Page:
Who heard the silly sailor-folk and gave them back their sea!

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appomattox

Along the banks of Bull Run lived –
At what became the scene
Of two Manassas battlefields –
A farmer named McLean. 

The fighting was so near, a shell
Crashed through a window pane.
It did not kill a man that day,
But Wilmer’s hopes were slain. 

Then, Wilmer had enough of War
And he moved far away
Where battle’s sounds would never reach,
Untouched by Blue and Gray. 

‘Twas Appomattox Court House where
He chanced to choose a farm.
No bullets flew to chase men there,
In its calm rural charm. 

But Lee, outnumbered by Grant’s men
Like fox by many hounds,
Fled to the new place Wilmer chose –
Onto its very grounds.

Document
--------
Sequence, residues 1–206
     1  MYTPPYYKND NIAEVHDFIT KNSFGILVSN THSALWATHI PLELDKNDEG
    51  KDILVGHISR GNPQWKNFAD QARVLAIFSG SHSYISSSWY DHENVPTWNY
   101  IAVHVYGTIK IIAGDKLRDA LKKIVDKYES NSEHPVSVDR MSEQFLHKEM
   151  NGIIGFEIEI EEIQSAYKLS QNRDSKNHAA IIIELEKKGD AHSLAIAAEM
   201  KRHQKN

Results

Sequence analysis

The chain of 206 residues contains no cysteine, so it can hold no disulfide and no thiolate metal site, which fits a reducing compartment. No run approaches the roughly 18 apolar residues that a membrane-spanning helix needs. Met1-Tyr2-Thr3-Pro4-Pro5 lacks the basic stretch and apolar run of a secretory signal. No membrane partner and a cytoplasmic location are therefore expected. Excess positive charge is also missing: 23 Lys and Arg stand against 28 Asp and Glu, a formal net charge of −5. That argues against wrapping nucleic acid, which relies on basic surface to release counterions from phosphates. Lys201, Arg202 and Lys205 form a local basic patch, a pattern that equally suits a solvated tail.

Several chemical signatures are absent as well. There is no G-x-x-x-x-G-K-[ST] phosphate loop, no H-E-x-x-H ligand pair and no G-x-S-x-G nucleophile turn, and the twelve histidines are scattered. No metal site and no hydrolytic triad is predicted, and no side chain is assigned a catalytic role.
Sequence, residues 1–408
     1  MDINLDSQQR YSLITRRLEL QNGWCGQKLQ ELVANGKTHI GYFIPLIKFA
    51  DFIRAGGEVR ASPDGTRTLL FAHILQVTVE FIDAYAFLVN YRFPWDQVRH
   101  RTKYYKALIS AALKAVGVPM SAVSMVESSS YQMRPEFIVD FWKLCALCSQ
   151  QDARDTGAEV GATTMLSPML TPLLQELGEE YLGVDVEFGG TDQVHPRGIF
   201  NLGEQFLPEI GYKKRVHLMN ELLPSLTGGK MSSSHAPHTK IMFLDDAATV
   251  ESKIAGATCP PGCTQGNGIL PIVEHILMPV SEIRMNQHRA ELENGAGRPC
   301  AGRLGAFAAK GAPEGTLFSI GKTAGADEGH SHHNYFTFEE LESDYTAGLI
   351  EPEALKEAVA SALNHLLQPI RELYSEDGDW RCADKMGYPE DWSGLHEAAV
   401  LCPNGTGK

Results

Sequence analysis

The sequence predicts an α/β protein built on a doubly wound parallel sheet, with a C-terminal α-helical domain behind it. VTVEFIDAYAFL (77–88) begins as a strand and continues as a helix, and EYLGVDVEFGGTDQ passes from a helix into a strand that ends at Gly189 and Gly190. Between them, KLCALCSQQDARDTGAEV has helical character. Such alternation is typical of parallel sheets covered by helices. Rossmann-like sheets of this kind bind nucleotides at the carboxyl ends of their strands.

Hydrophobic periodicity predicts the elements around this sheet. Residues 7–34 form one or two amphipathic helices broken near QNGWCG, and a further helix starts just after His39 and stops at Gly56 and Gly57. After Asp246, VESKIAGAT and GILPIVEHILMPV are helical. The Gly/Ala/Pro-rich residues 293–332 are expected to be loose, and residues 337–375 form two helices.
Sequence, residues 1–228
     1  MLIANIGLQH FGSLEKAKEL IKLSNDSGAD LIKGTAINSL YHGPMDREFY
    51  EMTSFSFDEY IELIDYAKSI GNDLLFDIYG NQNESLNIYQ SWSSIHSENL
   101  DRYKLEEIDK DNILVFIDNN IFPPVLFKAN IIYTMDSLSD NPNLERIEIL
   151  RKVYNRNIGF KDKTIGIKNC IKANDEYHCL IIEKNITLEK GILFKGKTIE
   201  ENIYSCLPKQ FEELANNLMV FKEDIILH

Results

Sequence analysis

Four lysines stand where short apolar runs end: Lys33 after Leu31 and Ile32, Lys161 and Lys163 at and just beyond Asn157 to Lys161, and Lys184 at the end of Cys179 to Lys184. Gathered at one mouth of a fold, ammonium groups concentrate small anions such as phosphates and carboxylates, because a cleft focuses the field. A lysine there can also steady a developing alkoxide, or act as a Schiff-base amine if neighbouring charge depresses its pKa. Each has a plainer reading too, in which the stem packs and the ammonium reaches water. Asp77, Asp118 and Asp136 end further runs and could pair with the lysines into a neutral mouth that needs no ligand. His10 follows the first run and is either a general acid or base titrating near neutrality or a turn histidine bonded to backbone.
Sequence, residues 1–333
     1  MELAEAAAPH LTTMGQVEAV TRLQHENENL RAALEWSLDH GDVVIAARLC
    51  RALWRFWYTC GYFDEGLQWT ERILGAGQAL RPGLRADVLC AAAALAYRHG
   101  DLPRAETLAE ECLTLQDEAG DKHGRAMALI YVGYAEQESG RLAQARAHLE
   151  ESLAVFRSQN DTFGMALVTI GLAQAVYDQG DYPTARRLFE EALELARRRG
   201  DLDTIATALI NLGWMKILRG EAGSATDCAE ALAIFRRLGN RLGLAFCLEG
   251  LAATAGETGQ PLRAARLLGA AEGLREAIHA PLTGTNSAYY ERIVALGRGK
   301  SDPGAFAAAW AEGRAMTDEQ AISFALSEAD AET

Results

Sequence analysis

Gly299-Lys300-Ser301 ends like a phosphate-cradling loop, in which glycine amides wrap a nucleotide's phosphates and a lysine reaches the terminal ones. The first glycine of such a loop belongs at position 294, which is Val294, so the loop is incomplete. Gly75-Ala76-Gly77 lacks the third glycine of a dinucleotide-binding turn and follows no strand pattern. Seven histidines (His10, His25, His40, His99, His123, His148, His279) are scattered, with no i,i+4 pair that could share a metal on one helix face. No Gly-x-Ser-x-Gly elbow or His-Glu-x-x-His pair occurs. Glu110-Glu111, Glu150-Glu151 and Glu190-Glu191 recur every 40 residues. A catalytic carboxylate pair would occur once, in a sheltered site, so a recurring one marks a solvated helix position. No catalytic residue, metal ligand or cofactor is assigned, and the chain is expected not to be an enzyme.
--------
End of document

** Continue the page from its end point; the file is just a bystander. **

At Appomattox Station was
The nearest shot and shell.
And Lee, surrounded, his men starved
Gave up the Civil Hell. 

Into the parlor first was Lee,
And Grant soon took a chair.
War-weary Wilmer hosted them,
And Gray surrendered there. 

McLean fled War, but following
It acted with caprice.
Though War came to his farm’s door, it
Became a house of peace.

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© Dennis Allen Lange and thebardonthehill.wordpress.com, 2019.

 

 

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I cannot live with You –
It would be Life –
And Life is over there –
Behind the Shelf 

The Sexton keeps the Key to –
Putting up
Our Life – His Porcelain –
Like a Cup – 

Discarded of the Housewife –
Quaint – or Broke –
A newer Sevres pleases –
Old Ones crack – 

I could not die – with You –
For One must wait
To shut the Other’s Gaze down –
You – could not – 

And I – Could I stand by
And see You – freeze –
Without my Right of Frost –
Death’s privilege?

Nor could I rise – with You –
Because Your Face
Would put out Jesus’ –